Preparation before the conference
A successful conference always involves careful preparation. Since conferences in general involve changing venues and crowds of unfamiliar peoples, it’s best to prepare yourself with information ahead of time in order to reduce stress. Entrepeuner.com addresses some great tips that allow professionals to get successfully prepared for the conference experience:
- Familiarize yourself with the city and venue – Most conferences occur in different venues year after year. Prior to the conference be sure to familiarize yourself with the venue and a map of the city, especially if it’s unfamiliar to you. This will help you navigate through the different suites and sessions in the venue, the airport you fly into, any off campus events, restaurants, and any modes of transportation you might need to get to and from the conference. The more you know beforehand, the easier it’ll be getting to your destination on the day of the conference.
- Reflect on conference goals – Before your conference it’s important to reflect on your goals. Are you looking to gain knowledge about specific areas addressing immediate challenges at the office or are your goals more long-term or career oriented?
- Decide on sessions and vendors to visit prior to conference – Once you decide what your goals are, you can decide which sessions meet those goals. It’s impossible to attend all sessions so planning ahead will help you concentrate on sessions that will benefit your job and career in the long run. If there are specific vendors you would like to see during the conference, be sure to visit with them prior to the start of your first session. Getting there early will allow you enough time to address specific areas of concern with your vendors instead of squeezing them in between sessions or at the end of a long day.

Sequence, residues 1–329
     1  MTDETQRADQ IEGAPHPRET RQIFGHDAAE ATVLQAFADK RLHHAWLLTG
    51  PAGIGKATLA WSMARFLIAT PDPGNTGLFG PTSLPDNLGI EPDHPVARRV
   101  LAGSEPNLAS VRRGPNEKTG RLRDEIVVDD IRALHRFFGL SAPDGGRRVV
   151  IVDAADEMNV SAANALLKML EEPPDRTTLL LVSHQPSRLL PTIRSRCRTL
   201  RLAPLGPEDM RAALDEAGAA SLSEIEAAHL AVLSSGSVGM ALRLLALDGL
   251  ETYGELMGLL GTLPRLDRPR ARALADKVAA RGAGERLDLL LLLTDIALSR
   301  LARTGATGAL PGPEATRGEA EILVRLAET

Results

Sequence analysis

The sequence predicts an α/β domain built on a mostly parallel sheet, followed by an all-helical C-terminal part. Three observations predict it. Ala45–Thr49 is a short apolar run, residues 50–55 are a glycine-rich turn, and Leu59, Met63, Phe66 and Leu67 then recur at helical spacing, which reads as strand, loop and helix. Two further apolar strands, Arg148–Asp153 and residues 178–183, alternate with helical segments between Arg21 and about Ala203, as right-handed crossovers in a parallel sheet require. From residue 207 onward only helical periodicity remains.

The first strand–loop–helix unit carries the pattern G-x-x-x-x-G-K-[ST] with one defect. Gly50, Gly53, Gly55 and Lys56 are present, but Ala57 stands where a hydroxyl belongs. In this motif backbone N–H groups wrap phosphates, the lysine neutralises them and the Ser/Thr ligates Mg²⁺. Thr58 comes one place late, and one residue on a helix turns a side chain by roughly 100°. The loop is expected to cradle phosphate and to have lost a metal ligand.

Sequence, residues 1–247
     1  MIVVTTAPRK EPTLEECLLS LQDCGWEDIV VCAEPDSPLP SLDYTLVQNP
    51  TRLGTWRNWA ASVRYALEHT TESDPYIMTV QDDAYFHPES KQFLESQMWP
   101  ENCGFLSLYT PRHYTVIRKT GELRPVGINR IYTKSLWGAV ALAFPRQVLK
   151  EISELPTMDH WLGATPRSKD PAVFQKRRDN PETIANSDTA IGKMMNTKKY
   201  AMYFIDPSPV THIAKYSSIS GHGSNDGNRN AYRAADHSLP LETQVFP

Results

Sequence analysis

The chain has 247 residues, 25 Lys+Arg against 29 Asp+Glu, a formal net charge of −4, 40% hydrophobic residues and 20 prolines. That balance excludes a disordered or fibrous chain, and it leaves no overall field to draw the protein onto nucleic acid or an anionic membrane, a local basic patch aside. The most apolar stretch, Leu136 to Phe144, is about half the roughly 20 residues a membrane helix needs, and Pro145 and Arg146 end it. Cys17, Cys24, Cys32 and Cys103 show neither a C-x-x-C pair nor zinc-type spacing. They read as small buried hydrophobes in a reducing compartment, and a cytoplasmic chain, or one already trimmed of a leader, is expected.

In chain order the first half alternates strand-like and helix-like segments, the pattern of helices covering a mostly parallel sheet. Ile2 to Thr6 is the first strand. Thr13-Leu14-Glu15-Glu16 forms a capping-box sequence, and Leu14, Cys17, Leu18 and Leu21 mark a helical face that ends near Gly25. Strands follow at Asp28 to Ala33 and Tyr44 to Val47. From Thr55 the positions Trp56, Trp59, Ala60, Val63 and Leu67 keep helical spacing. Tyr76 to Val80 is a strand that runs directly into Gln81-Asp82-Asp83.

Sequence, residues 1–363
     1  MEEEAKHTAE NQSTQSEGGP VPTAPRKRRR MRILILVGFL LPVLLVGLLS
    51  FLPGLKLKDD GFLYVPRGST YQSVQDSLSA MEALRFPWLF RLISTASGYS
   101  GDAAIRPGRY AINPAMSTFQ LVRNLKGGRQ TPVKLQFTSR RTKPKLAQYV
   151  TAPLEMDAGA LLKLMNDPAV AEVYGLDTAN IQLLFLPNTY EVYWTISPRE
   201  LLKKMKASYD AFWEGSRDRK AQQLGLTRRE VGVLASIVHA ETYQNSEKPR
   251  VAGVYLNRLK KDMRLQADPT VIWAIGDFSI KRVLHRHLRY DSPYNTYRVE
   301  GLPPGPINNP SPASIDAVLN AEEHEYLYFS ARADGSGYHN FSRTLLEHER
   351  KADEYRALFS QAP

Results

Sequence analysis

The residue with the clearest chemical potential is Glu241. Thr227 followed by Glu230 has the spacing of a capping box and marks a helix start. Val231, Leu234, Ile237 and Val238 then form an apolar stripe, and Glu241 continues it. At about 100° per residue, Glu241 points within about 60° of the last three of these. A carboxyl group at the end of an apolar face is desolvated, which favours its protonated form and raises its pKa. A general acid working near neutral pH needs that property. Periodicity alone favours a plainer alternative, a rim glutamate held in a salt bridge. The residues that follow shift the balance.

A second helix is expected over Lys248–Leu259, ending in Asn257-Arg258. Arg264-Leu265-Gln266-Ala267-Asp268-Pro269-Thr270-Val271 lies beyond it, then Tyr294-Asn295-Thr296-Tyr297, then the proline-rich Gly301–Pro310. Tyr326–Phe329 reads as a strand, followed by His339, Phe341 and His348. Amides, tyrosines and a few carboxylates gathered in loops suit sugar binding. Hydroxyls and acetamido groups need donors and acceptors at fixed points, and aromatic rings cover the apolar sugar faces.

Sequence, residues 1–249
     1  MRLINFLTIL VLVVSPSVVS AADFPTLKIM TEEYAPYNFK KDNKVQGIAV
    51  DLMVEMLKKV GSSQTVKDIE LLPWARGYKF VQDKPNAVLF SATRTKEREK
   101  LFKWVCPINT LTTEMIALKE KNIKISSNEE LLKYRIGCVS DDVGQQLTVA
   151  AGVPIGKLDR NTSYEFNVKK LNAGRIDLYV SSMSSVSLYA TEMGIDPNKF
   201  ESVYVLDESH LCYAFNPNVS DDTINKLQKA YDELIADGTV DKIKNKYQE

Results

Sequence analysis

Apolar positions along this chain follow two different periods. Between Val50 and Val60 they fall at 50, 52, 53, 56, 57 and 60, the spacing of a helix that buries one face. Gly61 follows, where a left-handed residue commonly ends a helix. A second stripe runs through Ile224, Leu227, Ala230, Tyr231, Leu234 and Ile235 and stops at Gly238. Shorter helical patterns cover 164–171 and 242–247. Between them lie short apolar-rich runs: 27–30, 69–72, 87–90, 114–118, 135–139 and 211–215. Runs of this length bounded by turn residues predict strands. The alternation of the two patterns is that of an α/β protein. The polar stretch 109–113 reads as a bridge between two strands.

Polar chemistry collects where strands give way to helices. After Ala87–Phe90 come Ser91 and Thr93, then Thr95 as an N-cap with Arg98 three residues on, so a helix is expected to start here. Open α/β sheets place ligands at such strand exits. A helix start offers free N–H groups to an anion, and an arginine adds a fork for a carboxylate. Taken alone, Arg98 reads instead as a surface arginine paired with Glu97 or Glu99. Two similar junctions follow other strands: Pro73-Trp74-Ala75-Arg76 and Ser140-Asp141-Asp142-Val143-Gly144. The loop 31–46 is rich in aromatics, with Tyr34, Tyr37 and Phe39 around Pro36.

- Prioritize your team – If you’re planning to attend a conference as a team, be sure to allocate who will attend which sessions ahead of time. This will help the entire team prioritize their individual career and job goals. The best part of going to a conference as a team is that the group will cover a lot of ground and bring some valuable information for everyone in the department to share.
- Prepare before networking and social events – Networking and social events are almost as important as many of the sessions at the conference. Think about some icebreaker conversation points to bring up during the events. Topics can stray from business to more personal connections, like children, pets, and hobbies. This will help build more personal connections. Be sure to attend as many networking and social events as possible. These events will help you connect to other professionals for future career mentoring, job opportunities, and industry advice. The larger your network, the greater your future career development.